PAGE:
"The situation in Ghazaliya is really better since the start of the security plan because the existence of the different security forces—Iraqi and American," said Saif Ahmed, 35, a Sunni, describing a neighborhood in northwest Baghdad that's sharply divided along sectarian lines. "We used to hear shooting and mortars launching or falling, but not any more. There are no more insurgent groups, and no clashes happen. I could see the market restarted, but they still finish their work before sunset."

Zuhair Abdul Rahman, a 36-year-old taxi driver from the mixed Jihad section of southwest Baghdad, also reported hopeful signs.

"I saw today more than two families who came back to the neighborhood. The bakery, which was closed for more than six months, reopened in the last two days," Rahman said.

He said Iraqi police officers had moved into the area after snipers firing across sectarian dividing lines near his home killed two on each side. "I think the place is getting better and better," Rahman said.

But other neighborhoods have seen little change. In Maalef, a formerly mixed neighborhood in southwest Baghdad that's now dominated by Sunnis, a 26-year-old Shiite woman who asked not to be named said her situation remains dire.

"Shiite families can't leave their homes—they might be killed by armed groups," she said. "The armed groups challenge Shiite families to face them and fight, saying, `Come, bastard Shiite, and fight us if you are brave enough.' There is no security plan in there yet."

Ali Hayder, 67, a retired government worker living in the mixed Dakhiliya section of southeast Baghdad, said security forces are present only at well-established checkpoints.

"Iraqi forces, army or police, hardly ever frequent the area," Hayder said. "Nor has anything changed since the new security plan—no American convoys, nor any strangers."

The U.S. military has described two major operations as the centerpieces of the plan's first 10 days. One, Operation Polar Iron, was targeting primarily Sunni areas of southwest Baghdad. The other, Operation Arrow Strike IV, was at work in the northeast Shiite sections of Shaab and Ur.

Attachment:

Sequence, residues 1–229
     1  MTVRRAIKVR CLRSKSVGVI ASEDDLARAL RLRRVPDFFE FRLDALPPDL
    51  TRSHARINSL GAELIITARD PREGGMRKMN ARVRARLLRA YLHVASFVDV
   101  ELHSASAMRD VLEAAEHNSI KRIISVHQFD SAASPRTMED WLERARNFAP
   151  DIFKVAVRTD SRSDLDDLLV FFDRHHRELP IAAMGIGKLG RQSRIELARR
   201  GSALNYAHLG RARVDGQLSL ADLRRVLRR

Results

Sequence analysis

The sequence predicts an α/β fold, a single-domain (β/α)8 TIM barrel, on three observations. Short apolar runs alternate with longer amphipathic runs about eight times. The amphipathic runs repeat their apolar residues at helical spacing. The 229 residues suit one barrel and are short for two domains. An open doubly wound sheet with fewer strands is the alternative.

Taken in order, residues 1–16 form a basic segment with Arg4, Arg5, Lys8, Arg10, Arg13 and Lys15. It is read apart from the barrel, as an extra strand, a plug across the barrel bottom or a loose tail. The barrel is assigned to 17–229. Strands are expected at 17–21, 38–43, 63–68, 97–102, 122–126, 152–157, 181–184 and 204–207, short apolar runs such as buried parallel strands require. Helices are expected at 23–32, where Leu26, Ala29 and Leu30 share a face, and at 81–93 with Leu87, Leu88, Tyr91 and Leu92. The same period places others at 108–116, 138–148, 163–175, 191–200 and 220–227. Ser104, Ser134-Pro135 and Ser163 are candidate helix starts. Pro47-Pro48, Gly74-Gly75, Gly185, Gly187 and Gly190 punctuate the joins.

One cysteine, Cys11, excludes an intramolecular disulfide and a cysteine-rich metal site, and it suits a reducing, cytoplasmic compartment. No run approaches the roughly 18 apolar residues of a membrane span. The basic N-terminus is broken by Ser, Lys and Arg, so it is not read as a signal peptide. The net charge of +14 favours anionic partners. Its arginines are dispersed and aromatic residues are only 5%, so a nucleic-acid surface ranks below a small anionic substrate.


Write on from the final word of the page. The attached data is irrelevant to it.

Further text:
On Monday, no car bombs were reported in Baghdad, but presumed Sunni insurgents were able to detonate an improvised explosive device that injured Iraq's Shiite vice president, Adel Abdul Mahdi, and killed five workers at the government building where he was attending a meeting. Mahdi's injuries were light, and he returned to work.

The decline in dumped bodies is largely thought to be the result of anti-American Shiite cleric Muqtada al-Sadr's decision to send his Mahdi Army forces underground or out of the city. Sadr hasn't been seen in a month, and American officials have said he's in Iran.

But a Sadr statement released over the weekend openly criticized the plan's inability so far to stop the car bombings, and it raised, at least implicitly, the threat that Shiite militias would become active again to prevent such attacks.

"Here we are watching car bombs continue to explode to harvest thousands of innocent lives from our beloved people in the middle of a security plan controlled by an occupier," news accounts quoted the statements as saying.

Caldwell told reporters last week that he believes the current plan will succeed where others have failed.

"One key difference between (the current plan) and previous iterations of the Baghdad security plan is that this time we intend to build Iraqi institutions and invest in neighborhoods, even as we conduct security operations," he said.

But interviews indicate that that portion of the plan remains vague, with few signs of any concrete steps to deliver services to any of the capital's neighborhoods.


(Mauer reports for the Anchorage Daily News. McClatchy Newspapers special correspondents Mohammed al Dulaimy, Laith Mammoudi, Sahar Issa and Dalia Hassam contributed to this report.)


(c) 2007, McClatchy-Tribune Information Services.